The Howard Gotlieb Archival Research Center at Boston University Presents an Exhibition Celebrating the Life of Della Brown Taylor Hardman (1922-2005)
Contact: Erin Whipple, 617-358-1688 | firstname.lastname@example.org
Boston – The Howard Gotlieb Archival Research Center at Boston University is hosting a new exhibition entitled Della Brown Taylor Hardman: A Legacy of Simple Inspiration. The exhibition features original photographs, correspondence, memorabilia and personal writings documenting the experiences and accomplishments of this artist, educator and community activist. Currently on display on the first floor of Mugar Memorial Library, the exhibition is free and open to the public during regular library hours through May 31.
Della Louise Brown Taylor Hardman was raised in Charleston, West Virginia. The granddaughter of slaves, she graduated from West Virginia State University in 1943 with a degree in education. In 1945, she received a master’s degree in Art from Boston University and in 1994, at age 72, received her Ph.D. from Kent State University. Dr. Hardman was an associate professor of art at West Virginia State University for 30 years and during that time she hosted “The Black Experience” radio show, served as a chairperson of the board of trustees of the Charleston Art Gallery, and the National Art Education Association recognized her as an Outstanding Art Educator.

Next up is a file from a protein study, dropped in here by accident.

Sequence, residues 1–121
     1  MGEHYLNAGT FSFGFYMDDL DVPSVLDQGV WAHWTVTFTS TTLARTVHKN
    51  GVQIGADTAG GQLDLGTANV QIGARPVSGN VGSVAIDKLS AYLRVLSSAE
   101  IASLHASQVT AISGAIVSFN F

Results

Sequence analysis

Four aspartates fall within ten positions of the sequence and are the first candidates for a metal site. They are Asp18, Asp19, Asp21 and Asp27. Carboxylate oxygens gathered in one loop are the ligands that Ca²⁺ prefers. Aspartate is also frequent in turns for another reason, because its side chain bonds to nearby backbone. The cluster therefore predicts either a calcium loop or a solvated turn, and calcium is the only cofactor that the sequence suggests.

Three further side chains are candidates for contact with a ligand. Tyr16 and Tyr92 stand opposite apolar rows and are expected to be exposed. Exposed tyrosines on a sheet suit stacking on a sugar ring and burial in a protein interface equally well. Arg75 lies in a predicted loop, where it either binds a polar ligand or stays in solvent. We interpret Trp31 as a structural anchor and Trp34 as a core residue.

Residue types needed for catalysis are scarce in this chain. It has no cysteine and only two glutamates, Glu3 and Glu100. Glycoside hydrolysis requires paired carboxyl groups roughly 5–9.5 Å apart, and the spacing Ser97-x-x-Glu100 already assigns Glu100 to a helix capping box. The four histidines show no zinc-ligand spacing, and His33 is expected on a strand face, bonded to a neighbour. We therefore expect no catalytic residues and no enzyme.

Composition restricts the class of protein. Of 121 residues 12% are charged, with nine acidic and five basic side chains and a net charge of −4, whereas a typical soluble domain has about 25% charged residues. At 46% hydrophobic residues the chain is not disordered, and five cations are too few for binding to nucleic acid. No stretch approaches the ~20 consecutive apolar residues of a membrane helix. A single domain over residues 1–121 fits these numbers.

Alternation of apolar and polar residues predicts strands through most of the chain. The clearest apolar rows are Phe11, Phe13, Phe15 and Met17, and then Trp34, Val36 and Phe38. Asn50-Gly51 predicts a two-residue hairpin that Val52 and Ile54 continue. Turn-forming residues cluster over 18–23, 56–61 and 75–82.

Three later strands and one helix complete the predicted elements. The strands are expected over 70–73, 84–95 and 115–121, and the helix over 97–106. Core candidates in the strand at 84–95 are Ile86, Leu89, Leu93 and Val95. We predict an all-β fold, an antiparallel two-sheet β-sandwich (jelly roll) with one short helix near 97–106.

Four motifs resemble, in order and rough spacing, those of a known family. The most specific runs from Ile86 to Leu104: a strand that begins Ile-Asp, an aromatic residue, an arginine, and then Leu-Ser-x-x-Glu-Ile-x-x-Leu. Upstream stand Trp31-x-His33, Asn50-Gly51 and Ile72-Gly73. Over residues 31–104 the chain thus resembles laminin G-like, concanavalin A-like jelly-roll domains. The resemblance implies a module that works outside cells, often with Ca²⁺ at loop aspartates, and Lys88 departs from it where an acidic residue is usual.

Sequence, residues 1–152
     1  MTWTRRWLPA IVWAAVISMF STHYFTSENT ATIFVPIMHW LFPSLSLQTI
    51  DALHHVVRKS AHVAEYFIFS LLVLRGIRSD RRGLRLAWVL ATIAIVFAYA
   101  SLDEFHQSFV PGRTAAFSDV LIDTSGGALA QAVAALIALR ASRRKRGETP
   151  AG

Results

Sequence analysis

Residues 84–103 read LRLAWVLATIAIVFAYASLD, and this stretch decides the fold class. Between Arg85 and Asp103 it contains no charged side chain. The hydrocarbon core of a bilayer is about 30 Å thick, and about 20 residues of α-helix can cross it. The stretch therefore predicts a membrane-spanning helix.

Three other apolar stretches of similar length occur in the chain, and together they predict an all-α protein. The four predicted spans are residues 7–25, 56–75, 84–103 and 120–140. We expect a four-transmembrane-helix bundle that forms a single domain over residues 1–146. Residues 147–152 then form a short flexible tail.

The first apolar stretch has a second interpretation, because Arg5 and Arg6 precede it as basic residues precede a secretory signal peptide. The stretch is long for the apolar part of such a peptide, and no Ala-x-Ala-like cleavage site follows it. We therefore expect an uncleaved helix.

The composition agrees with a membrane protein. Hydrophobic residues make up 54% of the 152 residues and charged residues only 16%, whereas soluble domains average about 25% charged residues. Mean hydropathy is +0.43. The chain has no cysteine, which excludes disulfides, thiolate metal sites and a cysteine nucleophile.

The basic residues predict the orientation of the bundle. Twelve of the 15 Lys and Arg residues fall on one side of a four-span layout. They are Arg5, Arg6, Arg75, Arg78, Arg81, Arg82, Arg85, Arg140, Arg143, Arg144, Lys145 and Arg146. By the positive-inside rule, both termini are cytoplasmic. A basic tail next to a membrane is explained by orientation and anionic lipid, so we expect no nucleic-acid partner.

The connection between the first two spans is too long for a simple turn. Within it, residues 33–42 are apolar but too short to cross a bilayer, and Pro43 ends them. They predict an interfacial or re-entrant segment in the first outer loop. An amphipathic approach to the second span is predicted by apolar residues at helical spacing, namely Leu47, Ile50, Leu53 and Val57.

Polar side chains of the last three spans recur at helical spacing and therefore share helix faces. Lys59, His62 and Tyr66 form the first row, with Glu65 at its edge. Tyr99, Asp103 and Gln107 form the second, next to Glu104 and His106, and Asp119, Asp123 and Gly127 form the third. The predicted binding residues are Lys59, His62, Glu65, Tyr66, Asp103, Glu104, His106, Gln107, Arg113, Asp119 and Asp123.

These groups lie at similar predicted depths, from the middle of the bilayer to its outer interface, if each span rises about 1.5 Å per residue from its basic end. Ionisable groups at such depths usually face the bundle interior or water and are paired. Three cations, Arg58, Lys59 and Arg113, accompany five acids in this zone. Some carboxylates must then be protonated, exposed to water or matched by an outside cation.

In 1986, Dr. Hardman moved to Martha’s Vineyard where she was a well-known, active and dedicated community member. In addition to being involved in the Nathan Mayhew Seminar, the Oak Bluffs library, Vineyard Nursing Association and the Martha’s Vineyard Chamber Music Society, she succeeded the late Harlem Renaissance author Dorothy West as author of the “Oak Bluffs” column for the Martha’s Vineyard Gazette. Examples of her column, which became a must-read for the island’s African-American community, as well as her own poetry, are on display. The exhibition also highlights her ongoing interest in prominent Vineyard visitors, including President Bill Clinton, which is documented through photographs and correspondence, as well as Senator Barack Obama, whose book, Dreams from My Father, inscribed to Dr. Hardman, is on view for visitors.
The mission of the Howard Gotlieb Archival Research Center is to capture and document history by collecting the manuscripts from individuals who play a significant part in the fields of journalism, poetry, literature and criticism, dance, music, theater, film, television and political as well as religious movements. The Center strives to preserve the documents and make them readily available to researchers while administering all legal copyrights and restrictions. Researchers from all over the world are welcomed and the Center presents extensive exhibitions, seminars and tours for students, parents and alumni as well as various visiting groups. For more information, visit www.bu.edu/archives, call 617-353-3696 or email email@example.com.